Silence on the rights of non-believers in the EU Enlargement Progress Reports

16 October 2014

The importance of the reports

The annual reports prepared by the Commission on the progress of candidate and potential candidates for EU membership[1] are a strong tool in the promotion of human rights within these countries. The reports steward the accession process by criticising any lacklustre efforts within these countries in the areas of political, social and economic reform, whilst also praising any successes these states might have had in adopting EU Acquis[2]. Thus, these reports have become a decisive tool for the EU to exert their influence by ensuring that these countries do not fail in providing extensive rights for sexual, ethnic, and religious minorities.

Nevertheless, the 2014 reports have clearly failed to address the situation for non-believers in these countries, with not one single mention of their situation being present within the section on ‘Freedom of thought, conscience and religion’ in this year’s reports.

The Commission’s assessment

In the 2014 reports Albania[3] and Macedonia[4] received positive assessments in the area of Freedom of thought, conscience and religion, stating that in both countries laws upholding this right are enforced, and are respected without incident. However the assessment for every other country in this year’s reports was not so complimentary. Bosnia and Herzegovina[5] received a negative assessment, with numerous incidences of religious discrimination being reported, including instances of attacks on religious property, symbols, and even individuals. Montenegro[6] received a mixed assessment, being praised for guaranteeing freedom of thought, conscience and religion, whilst in contrast being criticised for sluggish efforts in regulating the registration of religious communities. Likewise Kosovo[7] was also given a mixed appraisal, as whilst the cultivation of inter-faith dialogue was commended, the government was criticised for failing to adopt the draft Law on Religion, which would strengthen religious freedoms for minorities.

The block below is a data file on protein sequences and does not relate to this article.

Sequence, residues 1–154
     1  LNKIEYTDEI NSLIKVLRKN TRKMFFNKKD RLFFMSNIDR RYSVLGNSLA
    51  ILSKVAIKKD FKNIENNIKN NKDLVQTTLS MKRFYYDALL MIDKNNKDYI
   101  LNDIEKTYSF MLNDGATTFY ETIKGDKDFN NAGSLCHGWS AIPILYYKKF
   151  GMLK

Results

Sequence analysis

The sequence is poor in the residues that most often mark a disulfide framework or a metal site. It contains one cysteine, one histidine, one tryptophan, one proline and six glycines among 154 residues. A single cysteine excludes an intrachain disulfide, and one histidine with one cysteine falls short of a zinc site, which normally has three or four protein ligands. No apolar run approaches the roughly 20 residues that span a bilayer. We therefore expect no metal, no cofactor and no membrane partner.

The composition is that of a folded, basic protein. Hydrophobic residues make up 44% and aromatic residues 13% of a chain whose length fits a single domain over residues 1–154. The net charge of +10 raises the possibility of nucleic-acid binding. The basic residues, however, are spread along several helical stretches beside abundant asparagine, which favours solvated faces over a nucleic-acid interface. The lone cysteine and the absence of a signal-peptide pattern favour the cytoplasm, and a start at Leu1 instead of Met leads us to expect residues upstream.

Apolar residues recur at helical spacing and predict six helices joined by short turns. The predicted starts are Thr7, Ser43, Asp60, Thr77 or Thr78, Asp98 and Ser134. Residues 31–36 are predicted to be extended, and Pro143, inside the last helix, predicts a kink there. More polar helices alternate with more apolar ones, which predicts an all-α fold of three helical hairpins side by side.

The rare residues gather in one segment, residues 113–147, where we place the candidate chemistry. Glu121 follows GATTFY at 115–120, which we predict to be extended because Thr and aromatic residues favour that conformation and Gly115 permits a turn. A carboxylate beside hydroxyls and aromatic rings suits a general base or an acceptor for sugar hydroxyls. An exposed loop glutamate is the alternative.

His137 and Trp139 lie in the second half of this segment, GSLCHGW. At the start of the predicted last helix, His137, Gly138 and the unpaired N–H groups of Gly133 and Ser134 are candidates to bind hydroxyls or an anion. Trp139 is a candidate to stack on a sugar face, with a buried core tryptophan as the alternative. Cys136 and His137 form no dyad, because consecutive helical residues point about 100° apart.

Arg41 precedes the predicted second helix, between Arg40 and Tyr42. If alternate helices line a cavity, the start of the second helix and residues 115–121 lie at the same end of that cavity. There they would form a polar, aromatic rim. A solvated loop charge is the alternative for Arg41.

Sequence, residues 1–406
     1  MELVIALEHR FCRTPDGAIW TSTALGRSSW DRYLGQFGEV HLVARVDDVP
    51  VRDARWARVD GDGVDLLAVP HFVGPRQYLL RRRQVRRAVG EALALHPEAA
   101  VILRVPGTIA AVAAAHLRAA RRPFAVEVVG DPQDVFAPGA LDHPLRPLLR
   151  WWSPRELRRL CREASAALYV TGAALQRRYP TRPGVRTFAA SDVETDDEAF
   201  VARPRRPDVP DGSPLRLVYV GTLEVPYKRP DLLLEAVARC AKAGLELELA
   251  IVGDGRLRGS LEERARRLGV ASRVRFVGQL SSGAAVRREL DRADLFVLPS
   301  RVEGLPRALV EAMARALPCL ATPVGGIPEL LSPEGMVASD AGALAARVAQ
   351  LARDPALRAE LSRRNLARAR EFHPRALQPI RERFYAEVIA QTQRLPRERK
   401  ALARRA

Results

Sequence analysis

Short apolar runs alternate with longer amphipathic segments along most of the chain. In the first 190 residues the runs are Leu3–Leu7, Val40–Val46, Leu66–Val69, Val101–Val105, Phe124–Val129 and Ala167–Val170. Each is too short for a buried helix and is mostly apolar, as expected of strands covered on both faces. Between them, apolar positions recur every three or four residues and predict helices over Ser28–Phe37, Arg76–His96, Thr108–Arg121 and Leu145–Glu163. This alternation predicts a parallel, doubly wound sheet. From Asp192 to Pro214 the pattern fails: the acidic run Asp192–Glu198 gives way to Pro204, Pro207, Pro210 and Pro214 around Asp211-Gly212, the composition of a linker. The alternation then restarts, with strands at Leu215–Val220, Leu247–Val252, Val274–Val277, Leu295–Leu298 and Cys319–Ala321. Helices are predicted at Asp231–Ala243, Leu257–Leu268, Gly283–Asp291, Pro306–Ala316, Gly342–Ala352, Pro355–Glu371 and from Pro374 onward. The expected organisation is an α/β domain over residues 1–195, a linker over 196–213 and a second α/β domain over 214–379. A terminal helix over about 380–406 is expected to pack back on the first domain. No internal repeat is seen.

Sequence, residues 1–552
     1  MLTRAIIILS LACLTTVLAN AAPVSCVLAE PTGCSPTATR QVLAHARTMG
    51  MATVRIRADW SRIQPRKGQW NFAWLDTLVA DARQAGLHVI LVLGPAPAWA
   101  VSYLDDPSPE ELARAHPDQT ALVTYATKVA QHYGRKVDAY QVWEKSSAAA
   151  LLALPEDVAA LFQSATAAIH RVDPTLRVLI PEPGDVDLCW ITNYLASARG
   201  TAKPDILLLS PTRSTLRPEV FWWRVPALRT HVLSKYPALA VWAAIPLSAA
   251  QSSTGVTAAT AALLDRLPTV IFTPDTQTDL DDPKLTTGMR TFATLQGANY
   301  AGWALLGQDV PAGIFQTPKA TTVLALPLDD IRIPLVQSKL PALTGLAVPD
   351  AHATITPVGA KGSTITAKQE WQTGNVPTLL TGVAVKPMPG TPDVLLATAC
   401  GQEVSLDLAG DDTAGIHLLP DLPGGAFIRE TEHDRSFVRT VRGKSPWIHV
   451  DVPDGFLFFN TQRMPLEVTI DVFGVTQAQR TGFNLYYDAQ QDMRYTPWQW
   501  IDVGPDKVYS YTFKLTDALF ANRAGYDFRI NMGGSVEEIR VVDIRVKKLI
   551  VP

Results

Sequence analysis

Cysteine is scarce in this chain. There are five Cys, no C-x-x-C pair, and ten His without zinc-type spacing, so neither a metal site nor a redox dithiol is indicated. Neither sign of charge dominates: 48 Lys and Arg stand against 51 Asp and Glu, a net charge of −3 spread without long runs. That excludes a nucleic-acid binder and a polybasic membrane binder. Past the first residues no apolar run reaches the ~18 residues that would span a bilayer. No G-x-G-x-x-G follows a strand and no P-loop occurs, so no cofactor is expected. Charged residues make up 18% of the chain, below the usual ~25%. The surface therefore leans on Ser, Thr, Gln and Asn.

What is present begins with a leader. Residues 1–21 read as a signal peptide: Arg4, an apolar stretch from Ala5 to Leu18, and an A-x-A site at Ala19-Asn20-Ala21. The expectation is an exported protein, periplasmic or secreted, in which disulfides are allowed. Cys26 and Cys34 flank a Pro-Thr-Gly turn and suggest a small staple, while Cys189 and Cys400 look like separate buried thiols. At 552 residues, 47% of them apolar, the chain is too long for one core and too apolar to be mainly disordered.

Serbia[8] was particularly chastised for not doing more to stop discrimination and physical assaults against religious minorities, whilst the country’s registration process for religious communities was also labelled as being inconsistent and unclear. Moreover, access for religious minorities to religious services in their own language was criticised for not being readily available.